As talks ended between Soviet Foreign Minister Eduard Shevardnadze and U.S. Secretary of State James Baker last week, the two men smiled warmly, spoke optimistically of future plans—and decided, in the words of Baker, to “disagree agreeably.” That ambivalence was understandable. In the first visit to Moscow by a high-ranking member of U.S. President George Bush’s administration, the two countries agreed to co-operate on topics ranging from pollution control to the Middle East. But it was a new arms-reduction proposal by Soviet President Mikhail Gorbachev that stole the limelight. And after the United States appeared to reject the key element in that proposal, it was clear that one of the most crucial issues facing them—and the world—remains deadlocked. Shevardnadze bluntly described the American position on nuclear disarmament as “very negative,” adding, “This seriously concerns us.” Gorbachev’s proposals appeared to catch the Americans by surprise. By the end of this year, he said, the Soviet Union will unilaterally withdraw 500 short-range nuclear warheads—including 284 missiles, 166 bombs and 50 artillery shells—from Warsaw Pact countries. Gorbachev also offered to remove all nuclear weapons from Eastern Europe by 1991 if the United States would take similar measures in Western Europe. And he proposed that the Warsaw Pact and the rival North Atlantic
Treaty Organization make reductions in conventional arms and forces that would give the two sides parity by 1997.
After Gorbachev scored what many observers called another public relations victory, Bush delivered a foreign policy address that received mixed reviews. It was his first considered public pronouncement on East-West relations since taking office last January, and it followed a drawn-out policy reappraisal that had put U.S.-Soviet dealings on hold. Speaking in College Station, Tex., Bush revived former president Dwight Eisenhower’s 1955 “open skies” proposal under which each side would be able to make unarmed surveillance flights over the other’s territory. But critics pointed out that satellite technology made “open skies” far less meaningful than when Eisenhower first proposed it 34 years ago. And although Bush’s national security adviser, Brent Scowcroft, insisted that it still had great symbolic importance, former state department Soviet expert Raymond Garthoff said that it was of “only marginal” military significance.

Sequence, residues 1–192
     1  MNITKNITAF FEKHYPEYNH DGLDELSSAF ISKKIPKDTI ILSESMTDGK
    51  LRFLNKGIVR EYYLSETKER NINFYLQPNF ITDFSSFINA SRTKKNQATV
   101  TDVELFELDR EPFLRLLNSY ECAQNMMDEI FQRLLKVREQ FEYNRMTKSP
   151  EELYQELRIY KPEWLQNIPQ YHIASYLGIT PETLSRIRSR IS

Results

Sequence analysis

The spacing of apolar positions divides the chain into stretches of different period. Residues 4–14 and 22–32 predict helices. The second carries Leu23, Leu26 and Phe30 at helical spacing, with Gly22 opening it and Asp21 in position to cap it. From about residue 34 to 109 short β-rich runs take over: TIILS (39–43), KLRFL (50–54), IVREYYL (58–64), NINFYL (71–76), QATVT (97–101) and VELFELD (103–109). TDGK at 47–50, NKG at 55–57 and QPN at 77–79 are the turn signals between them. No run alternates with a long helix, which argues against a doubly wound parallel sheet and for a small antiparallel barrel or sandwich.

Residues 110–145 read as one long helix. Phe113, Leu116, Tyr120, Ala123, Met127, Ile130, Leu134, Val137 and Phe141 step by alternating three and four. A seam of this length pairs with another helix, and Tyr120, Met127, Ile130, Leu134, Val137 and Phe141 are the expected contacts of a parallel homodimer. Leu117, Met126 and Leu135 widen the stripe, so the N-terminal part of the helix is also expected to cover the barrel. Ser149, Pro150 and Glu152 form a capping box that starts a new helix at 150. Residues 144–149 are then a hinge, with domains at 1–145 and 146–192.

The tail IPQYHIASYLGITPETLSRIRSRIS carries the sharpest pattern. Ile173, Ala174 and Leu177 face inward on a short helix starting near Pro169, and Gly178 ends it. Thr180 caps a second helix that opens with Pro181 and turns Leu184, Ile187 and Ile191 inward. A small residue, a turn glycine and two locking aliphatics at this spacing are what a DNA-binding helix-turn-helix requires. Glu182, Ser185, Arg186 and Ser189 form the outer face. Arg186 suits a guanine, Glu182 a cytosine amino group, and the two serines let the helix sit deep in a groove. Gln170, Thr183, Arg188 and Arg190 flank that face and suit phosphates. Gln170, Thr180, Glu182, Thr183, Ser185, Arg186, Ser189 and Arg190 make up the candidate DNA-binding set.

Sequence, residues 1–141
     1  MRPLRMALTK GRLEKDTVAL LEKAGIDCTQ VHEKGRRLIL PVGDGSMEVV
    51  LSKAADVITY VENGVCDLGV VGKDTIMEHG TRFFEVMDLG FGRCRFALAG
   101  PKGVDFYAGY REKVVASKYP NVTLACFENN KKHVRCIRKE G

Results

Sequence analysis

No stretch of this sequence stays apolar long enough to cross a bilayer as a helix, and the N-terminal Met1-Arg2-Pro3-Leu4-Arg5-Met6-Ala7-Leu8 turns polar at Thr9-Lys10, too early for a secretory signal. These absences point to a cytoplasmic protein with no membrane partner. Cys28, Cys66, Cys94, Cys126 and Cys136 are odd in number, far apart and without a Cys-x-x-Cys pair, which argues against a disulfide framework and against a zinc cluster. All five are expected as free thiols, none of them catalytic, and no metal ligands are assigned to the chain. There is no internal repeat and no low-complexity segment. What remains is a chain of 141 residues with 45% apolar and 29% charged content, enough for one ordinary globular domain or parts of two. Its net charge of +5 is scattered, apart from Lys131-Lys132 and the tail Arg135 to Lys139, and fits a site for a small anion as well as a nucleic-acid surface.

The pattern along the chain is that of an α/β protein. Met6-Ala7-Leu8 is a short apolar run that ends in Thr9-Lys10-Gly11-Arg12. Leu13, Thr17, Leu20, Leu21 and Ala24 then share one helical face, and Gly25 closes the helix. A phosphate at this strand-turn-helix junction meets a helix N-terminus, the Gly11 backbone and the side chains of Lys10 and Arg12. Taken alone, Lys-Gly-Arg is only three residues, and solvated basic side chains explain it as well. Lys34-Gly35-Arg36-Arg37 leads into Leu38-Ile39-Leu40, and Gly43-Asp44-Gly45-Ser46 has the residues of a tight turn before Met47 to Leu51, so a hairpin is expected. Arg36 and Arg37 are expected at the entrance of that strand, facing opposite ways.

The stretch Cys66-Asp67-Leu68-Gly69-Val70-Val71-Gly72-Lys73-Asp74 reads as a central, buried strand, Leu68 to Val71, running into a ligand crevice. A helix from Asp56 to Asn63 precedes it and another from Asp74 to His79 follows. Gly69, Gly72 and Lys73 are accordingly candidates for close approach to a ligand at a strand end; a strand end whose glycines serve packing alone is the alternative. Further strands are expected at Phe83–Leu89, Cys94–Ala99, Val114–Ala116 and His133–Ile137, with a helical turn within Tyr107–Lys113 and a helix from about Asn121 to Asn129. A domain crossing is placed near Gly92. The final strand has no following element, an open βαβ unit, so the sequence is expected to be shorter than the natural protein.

Meanwhile, the short-range nuclear arms reduction proposals, which Gorbachev outlined to Baker during a 3 Vis-hour meeting on May 11, seemed likely to deepen the rift between the United States and some NATO allies over how to respond to Gorbachev’s initiatives. With a 40th-anniversary NATO summit meeting scheduled for May 29 and 30, the U.S. and British
officials are trying to shore up crumbling support for their hard-line response to West German proposals that East and West open immediate talks on all short-range nuclear weapons. Said a Moscow-based Western diplomat: “Now the real fighting [among the NATO allies] begins.”
After last week’s meeting, Baker and Shevardnadze moved quickly to pitch their respective positions to key allies. Shevardnadze briefed representatives from Warsaw Pact countries. He then went to a previously scheduled meeting with officials in West Germany, which has led the demand within NATO for short-range arms reduction talks. Baker, meanwhile, flew to Belgium for a meeting with NATO ministers, where—supported by the British—he reiterated U.S. concerns over Soviet attempts to link Eastern Bloc arms reductions to equal cuts by NATO. Washington estimates that the Soviet Union and its Warsaw Pact allies have an advantage of roughly 12:1 over NATO in nuclear-tipped short-range weapons with a range of up to 500 km. Because of that, U.S. officials insist, the Soviet Union must make further unilateral reductions before talks can begin. The cuts announced by Gorbachev, said Baker, were good but “modest.”